Stream Biological Monitoring Program — This program is used to evaluate the health of aquatic life populations and involves a unique randomized sample design that allows water quality status and trend assessments to be determined with a known level of confidence. Sampling is conducted in conjunction with the basin rotation monitoring strategy.
Ambient Stream Monitoring Program — This program has a network of 97 fixed stations located on main stem and tributary streams across the state. The primary objectives are to provide information on the status and trends of water quality in streams within each of the state's 13 river basins and link assessments of status and trends with natural and human factors that affect water quality. Fifty-eight of the 97 sites are located on main stem streams. Ecoregion and land use considerations were used in selecting many of the stream locations. Samples are collected monthly and analyzed for traditional chemical and physical parameters and include some herbicides and heavy metals. During 2010, a total of 1,160 water samples were collected for this program.
Lake Monitoring Program — Lake monitoring is currently conducted on 44 lakes across the state. Monitoring involves the collection of monthly water samples from May through September. These data are used to document existing water quality conditions, evaluate long-term trends, design watershed and lake restoration/protection projects, and evaluate project effectiveness. Monitoring focuses on nutrients, sediment, pesticides, heavy metals, dissolved oxygen, pH, temperature, conductivity, and water clarity.
Fish Kill and Citizen Complaint Investigations — The surface water unit responds to reports of fish kills and other environmental concerns of citizens related to surface water. On-site investigations are conducted, as needed, to document existing water quality conditions, surface water quality standards violations, and identify pollution sources and responsible parties.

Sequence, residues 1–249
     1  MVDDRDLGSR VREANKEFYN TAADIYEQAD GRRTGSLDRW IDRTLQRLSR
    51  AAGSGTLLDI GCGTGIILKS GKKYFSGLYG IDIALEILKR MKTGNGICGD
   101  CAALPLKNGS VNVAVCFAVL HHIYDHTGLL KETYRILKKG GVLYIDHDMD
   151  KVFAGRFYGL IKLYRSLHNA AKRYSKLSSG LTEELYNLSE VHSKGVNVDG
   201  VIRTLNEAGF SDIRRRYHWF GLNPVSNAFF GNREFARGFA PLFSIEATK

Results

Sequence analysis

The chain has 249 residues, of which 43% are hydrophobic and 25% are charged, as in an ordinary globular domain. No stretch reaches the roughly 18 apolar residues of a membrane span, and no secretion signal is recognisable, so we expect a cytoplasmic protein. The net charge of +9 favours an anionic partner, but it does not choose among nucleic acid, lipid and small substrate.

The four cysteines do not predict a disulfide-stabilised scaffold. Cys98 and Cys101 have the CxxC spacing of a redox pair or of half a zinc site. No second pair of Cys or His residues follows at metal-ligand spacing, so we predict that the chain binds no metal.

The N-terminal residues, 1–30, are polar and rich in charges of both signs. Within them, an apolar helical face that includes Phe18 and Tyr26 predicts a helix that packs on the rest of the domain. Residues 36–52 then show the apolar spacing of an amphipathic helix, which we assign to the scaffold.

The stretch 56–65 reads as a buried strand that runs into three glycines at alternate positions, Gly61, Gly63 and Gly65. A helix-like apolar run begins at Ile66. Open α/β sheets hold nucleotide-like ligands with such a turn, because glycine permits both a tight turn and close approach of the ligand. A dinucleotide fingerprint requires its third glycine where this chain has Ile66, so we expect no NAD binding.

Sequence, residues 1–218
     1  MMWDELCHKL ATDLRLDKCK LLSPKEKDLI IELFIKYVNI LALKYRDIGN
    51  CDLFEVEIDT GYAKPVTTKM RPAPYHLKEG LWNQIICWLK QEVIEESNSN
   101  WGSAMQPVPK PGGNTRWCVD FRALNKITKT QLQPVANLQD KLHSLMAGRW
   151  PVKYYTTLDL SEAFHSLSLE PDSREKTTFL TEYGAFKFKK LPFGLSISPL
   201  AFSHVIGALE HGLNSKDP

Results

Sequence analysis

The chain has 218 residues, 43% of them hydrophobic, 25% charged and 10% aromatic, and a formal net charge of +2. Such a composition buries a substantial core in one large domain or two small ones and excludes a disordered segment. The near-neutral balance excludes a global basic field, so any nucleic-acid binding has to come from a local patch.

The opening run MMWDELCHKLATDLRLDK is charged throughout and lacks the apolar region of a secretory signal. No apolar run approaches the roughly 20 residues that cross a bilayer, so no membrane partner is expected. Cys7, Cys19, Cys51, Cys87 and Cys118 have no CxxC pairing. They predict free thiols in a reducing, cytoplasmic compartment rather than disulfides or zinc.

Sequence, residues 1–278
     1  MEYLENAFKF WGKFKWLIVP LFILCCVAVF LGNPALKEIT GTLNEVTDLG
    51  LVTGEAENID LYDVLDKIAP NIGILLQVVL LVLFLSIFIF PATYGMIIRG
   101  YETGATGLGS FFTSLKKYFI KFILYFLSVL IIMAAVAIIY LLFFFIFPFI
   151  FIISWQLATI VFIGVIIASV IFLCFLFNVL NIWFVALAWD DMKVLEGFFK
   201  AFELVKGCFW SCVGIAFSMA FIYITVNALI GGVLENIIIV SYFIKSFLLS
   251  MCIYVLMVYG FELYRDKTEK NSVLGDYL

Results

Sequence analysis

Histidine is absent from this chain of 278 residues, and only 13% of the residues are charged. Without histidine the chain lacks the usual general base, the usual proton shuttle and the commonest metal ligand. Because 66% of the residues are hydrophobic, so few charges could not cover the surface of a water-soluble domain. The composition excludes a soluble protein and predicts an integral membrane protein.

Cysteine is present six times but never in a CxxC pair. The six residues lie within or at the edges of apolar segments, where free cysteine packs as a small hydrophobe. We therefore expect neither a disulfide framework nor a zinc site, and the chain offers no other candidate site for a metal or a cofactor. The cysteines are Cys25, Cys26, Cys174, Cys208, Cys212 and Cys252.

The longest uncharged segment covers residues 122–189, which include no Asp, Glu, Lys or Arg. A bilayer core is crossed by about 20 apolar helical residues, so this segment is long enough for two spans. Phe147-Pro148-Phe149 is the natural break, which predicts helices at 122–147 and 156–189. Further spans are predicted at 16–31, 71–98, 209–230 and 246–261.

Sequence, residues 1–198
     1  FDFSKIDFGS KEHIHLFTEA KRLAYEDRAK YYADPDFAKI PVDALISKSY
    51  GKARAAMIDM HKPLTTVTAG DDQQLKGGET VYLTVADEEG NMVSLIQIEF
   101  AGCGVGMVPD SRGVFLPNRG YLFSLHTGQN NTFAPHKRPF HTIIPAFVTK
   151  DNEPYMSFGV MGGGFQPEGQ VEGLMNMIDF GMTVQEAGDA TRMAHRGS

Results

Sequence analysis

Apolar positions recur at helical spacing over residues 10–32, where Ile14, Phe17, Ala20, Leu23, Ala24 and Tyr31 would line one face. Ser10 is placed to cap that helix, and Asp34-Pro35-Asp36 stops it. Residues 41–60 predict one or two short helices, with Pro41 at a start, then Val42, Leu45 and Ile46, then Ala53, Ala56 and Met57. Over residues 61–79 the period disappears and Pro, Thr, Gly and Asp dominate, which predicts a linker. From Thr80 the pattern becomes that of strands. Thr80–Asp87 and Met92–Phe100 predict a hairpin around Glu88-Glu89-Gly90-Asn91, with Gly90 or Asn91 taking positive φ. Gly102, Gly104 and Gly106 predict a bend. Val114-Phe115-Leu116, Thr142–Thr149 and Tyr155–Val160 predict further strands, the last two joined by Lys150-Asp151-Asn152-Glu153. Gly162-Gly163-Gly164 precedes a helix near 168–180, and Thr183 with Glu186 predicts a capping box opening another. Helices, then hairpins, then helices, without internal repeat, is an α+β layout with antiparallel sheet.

Integrated Report — Beginning in 2004, and every two years thereafter, states are required to prepare a biennial water quality report called the Integrated Report, which is a combination of the Section 305(b) and Section 303(d) reporting requirements of the Clean Water Act. The Integrated Report provides a comprehensive summary of the status and trends of surface water quality in Nebraska and includes a list of impaired surface waters that do not support their assigned beneficial uses. Click here to view the most recent Integrated Reports.
Nebraska Water Monitoring Programs Report — A report summarizing the monitoring programs performed (or required) by NDEQ called the “Nebraska Water Monitoring Programs Report” is produced annually. This report describes the numerous monitoring programs NDEQ is involved with, its partners, and several highlights of recent monitoring efforts. Future enhancements to this report will include more in-depth examinations of what our monitoring programs are telling us, how we are using them to manage and improve water quality, and to inform the public of the trends observed. The most recent Nebraska Water Monitoring Programs Reports are available on the NDEQ's web site deq.ne.gov, by selecting Publications, then selecting Water Quality.